I was thinking this morning..... When last Sunday, my friend and former school mate wrote a beautiful piece titled 'The Road to Mogadishu' on our Hussey College Set of 86 WhatsApp Group chat, we were challenged to pen down our life's journey for the benefit of all. As I mused on the thousands of journeys I have embarked upon in life within and outside Nigeria, none came close to reflecting a portion of my life's journey like a journey I made from Warri to Choba in Port-Harcourt in 1992. It was during my NYSC programme when I was serving as a Biology teacher at Bonny National Grammer School (BNGS) on Bonny Island. I made frequent trips home to Warri despite the very parlous state of the road at that time. But this particular trip left an impression. Life is a journey. 

Though I was aware that the road was in a very bad shape, it wasn't difficult making the decision to embark on the journey confident that I will get to Choba before nightfall. That was exactly my mindset when I left Hussey College Warri ready to leave home for the first time for the University. I had no doubt whatsoever, that in this journey of life, I will be successful. Making the journey possible was not an easy one as sacrifices were made by my parents to raise the transport fare that will take me all the way to Bonny island. This mirrors my admission to Uniben in 1987 to study Microbiology. The joy of getting the admission was soon dampened by the lack of money for my school fees and upkeep. My parents did the only thing they know, sacrifice. I eventually set out to the University with two pairs of trousers and three shirts, because the school fees, like my transport fare to Choba, was all that mattered at the time. Life is journey.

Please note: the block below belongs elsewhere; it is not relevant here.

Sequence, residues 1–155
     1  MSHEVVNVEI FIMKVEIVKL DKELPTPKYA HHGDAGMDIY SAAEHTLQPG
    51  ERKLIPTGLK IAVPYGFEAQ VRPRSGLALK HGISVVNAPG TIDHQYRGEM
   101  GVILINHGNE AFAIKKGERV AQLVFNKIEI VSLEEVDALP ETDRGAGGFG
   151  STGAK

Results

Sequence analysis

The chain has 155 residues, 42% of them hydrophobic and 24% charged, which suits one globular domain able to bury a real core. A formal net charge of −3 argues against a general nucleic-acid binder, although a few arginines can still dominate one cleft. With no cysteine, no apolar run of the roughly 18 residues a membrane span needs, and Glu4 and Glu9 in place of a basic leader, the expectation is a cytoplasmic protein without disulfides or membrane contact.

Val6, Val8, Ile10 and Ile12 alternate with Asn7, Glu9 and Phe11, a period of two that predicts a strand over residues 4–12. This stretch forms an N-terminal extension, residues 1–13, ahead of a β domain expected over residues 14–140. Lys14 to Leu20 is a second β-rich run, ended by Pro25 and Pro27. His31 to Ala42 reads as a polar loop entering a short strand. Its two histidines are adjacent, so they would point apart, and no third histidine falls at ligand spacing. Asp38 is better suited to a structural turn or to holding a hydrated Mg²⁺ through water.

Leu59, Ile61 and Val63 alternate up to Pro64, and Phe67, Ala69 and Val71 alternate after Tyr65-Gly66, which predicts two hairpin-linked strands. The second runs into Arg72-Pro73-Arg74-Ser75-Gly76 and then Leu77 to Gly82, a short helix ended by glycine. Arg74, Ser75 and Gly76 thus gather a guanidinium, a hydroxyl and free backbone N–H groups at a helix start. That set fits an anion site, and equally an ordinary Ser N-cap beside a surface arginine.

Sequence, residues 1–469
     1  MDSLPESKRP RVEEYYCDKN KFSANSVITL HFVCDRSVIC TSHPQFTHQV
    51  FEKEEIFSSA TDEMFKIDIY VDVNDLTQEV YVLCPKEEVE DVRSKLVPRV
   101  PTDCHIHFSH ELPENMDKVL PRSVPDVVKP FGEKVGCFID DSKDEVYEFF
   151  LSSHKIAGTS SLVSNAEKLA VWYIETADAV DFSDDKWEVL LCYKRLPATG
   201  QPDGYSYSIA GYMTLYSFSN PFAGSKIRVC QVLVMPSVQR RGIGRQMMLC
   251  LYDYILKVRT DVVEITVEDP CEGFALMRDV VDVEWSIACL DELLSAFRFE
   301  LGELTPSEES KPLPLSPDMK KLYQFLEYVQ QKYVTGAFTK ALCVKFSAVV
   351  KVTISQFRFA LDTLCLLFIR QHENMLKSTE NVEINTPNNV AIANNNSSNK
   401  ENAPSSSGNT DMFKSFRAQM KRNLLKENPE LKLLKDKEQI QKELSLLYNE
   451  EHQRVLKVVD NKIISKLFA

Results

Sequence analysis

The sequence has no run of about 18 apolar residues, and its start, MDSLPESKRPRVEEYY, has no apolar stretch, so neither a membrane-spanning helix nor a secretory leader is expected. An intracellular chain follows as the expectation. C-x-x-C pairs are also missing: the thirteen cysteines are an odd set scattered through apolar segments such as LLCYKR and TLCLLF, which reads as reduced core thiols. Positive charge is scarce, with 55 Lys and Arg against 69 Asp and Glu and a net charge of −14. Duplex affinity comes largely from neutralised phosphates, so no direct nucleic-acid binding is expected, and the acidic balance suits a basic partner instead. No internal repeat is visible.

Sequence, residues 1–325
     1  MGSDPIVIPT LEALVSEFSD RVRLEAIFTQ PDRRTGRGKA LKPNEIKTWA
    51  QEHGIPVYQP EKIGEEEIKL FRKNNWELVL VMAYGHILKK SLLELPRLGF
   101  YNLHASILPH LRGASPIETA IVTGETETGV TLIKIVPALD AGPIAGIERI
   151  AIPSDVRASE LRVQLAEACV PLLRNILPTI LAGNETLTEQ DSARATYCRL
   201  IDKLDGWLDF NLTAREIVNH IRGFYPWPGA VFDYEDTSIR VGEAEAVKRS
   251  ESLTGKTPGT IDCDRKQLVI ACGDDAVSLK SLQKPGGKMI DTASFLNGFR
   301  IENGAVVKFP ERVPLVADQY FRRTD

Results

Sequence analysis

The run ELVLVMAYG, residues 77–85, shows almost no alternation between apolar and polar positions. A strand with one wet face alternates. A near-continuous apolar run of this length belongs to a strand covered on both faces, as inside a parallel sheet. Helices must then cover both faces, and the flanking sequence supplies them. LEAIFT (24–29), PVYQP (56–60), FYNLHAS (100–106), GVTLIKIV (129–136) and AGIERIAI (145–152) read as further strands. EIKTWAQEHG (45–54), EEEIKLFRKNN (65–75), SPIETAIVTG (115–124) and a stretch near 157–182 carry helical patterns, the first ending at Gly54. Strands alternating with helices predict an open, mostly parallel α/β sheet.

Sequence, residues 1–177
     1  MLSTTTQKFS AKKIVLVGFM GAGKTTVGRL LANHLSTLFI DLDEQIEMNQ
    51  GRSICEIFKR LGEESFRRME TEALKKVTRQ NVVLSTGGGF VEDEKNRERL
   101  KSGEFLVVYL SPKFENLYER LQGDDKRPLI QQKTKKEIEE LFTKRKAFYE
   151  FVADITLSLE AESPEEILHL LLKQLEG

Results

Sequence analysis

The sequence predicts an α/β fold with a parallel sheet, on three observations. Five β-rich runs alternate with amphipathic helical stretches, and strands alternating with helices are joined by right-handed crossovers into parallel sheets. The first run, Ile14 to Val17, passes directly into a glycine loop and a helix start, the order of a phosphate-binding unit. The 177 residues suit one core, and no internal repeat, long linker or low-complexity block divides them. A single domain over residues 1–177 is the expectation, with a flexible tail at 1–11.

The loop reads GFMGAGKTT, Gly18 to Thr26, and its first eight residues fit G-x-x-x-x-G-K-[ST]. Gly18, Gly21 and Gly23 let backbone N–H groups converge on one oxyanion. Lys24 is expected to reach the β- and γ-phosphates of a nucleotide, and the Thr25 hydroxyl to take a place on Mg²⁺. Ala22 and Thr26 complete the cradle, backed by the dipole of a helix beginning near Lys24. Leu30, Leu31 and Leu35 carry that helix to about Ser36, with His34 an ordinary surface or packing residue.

Back to the trip to Choba. We set out at about 9am with the journey between Warri and Ughelli being a smooth ride, reminding me of my first year at Uniben. As we journeyed towards Patani at the boundary between Delta and Bayelsa States, we encountered a diversion through one of the villages because a section of the road ahead had been cut off by flood. Juxtapose with my life's journey, this was my experience as I moved into the second year at Uniben. There was an opportunity for Science students that did well to transfer to Medical college. Since being a doctor had always been my childhood dream, I made the move from Microbiology to Medicine or should I say Macrobiology. After spending a month in medical school, we returned back to our departments when the transfer exercise failed. I soon realised it was a diversion. Life is a journey. 

My life progressed just like our journey to Choba. When we entered Bayelsa state, it was a chaotic scene around Sagbama. The road had been completely cut off with no alternative routes. Vehicles could not go across. Locals were carrying passengers on their backs through the flooded craters and muddy pits to join other vehicles at the other side of the road. Passengers in commercial vehicles where exchanged like currency transactions at a Bureau de change counter. This is a picture of how I survived my final year in 1991 and the 2 years I spent doing my MSc (1992 to 1994). My family had run into a financial roadblock after my dad had lost his job. It was a tough period that threatened the continuation of my education just like the crater at Bayelsa. Like the locals carrying passengers to the other side of the road, God sent a complete stranger my way who took me in and fed me for the rest of the stay in Uniben. The lifeline ensured that I continued on the journey of life.